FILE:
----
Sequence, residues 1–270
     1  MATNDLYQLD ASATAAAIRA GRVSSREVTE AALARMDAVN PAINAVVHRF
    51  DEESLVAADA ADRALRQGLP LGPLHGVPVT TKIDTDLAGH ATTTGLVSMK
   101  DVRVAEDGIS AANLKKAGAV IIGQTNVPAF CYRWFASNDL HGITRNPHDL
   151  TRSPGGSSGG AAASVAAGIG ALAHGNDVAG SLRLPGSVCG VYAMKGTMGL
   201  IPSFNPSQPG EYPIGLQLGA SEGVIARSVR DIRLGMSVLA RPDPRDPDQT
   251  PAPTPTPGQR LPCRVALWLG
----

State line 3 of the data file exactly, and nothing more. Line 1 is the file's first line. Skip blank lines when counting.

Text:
    51  DEESLVAADA ADRALRQGLP LGPLHGVPVT TKIDTDLAGH ATTTGLVSMK